C.E.W. Bean and Australian English – Part II

by Amanda Laugesen

Last week, I looked at the ways in which Charles Bean’s writings from before the First World War not only provide a vivid portrait of life in rural New South Wales in the first decades of the twentieth century, but also provide valuable evidence for a number of Australian English terms. This week I will take a look at his writings about the First World War.

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The one day of the year

Procession of the 41st Battalion through Brisbane on Anzac Day, 1916. Image source: State Library of Queensland.

by Mark Gwynn

Not forgotten nor forsaken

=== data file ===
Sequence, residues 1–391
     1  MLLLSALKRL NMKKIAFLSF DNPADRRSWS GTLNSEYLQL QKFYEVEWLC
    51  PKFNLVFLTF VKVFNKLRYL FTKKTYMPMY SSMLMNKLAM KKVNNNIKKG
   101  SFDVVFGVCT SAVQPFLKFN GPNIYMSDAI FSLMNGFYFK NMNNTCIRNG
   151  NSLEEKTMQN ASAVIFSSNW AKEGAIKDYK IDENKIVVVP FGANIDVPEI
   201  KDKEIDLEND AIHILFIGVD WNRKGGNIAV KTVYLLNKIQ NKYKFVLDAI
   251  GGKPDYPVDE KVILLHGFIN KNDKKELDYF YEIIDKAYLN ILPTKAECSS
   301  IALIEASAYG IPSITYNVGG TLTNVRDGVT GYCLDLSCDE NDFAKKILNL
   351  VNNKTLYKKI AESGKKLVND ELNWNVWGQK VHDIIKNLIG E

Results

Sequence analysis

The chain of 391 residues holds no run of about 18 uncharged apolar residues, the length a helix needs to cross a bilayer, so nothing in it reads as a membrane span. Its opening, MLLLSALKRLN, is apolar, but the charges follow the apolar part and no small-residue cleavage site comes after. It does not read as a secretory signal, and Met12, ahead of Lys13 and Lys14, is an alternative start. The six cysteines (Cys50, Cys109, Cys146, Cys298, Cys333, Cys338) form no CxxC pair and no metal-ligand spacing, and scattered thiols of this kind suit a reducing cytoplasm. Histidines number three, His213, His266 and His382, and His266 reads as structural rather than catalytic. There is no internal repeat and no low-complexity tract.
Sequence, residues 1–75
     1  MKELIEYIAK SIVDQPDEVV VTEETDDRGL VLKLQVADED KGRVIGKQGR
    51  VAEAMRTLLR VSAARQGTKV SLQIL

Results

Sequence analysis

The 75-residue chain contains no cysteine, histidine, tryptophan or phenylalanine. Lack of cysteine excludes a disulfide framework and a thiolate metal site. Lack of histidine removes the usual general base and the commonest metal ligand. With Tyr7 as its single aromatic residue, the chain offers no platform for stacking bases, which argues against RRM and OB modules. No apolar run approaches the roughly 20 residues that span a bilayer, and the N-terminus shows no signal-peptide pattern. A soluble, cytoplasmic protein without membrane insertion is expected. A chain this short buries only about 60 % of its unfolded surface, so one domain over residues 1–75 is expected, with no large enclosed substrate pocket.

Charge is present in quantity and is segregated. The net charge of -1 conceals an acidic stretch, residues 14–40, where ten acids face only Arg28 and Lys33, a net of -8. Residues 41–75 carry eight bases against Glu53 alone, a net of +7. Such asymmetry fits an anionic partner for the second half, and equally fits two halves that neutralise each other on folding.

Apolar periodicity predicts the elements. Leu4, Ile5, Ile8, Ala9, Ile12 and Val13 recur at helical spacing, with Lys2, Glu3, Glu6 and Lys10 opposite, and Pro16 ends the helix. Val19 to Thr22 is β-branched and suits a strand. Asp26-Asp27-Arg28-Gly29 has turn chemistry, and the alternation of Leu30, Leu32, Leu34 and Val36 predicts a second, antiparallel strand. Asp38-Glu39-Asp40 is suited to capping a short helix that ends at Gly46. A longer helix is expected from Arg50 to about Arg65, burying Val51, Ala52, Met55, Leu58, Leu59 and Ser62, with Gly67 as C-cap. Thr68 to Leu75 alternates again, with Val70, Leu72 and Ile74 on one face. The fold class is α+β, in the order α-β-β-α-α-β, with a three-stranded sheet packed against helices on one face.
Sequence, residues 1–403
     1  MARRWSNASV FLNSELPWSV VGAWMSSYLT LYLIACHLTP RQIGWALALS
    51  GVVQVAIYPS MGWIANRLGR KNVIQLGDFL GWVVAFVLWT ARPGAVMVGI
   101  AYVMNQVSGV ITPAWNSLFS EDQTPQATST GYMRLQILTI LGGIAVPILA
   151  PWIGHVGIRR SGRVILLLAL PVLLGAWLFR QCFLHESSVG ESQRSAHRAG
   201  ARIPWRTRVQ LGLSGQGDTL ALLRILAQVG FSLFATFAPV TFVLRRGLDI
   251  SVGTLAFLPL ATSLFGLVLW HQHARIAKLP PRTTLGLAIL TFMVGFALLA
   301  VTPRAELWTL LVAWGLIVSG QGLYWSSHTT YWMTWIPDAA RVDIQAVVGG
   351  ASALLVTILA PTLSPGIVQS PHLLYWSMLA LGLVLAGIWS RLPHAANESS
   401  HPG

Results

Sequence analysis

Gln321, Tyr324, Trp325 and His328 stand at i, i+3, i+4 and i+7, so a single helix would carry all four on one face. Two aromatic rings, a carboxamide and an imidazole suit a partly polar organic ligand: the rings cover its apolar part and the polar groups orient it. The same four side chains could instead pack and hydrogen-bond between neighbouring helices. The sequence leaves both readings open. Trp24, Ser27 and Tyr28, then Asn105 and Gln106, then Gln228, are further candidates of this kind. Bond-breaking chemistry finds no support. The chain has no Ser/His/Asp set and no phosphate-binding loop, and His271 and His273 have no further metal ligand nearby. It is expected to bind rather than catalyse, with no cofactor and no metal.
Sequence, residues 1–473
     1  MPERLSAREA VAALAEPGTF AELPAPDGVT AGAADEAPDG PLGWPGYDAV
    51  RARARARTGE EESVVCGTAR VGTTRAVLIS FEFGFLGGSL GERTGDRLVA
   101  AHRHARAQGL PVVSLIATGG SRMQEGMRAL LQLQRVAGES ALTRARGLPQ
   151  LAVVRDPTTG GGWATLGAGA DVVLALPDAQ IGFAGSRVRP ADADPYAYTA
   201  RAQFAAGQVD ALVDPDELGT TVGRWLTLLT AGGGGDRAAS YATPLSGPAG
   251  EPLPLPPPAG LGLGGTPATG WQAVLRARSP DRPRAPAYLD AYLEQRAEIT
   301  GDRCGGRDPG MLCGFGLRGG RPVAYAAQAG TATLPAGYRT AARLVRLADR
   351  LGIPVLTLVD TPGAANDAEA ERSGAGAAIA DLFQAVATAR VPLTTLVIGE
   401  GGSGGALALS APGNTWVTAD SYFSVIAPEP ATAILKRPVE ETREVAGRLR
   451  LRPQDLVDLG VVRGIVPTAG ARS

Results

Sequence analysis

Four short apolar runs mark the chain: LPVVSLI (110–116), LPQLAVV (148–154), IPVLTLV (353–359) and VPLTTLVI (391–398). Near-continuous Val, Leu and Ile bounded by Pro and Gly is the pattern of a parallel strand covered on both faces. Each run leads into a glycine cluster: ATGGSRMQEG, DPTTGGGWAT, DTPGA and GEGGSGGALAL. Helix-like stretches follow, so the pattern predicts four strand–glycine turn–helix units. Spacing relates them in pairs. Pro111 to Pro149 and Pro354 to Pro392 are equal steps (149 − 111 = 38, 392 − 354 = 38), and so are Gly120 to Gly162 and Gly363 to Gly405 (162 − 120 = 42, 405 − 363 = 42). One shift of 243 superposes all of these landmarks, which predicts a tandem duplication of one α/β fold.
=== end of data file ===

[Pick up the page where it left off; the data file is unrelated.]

Are the lads no longer here, I shall call — and you will waken
On this one day of the year.
   Argus (Melbourne) 29 April 1916

The one day of the year in Australia is Anzac Day, April 25, a national public holiday commemorating all those who have served and died in war. April 25 is the anniversary of the landing at Gallipoli of the Australian and New Zealand Army Corps (ANZAC) troops in 1915. It was the start of a gruelling eight-month long campaign by allied forces during the First World War to capture the Turkish peninsula.

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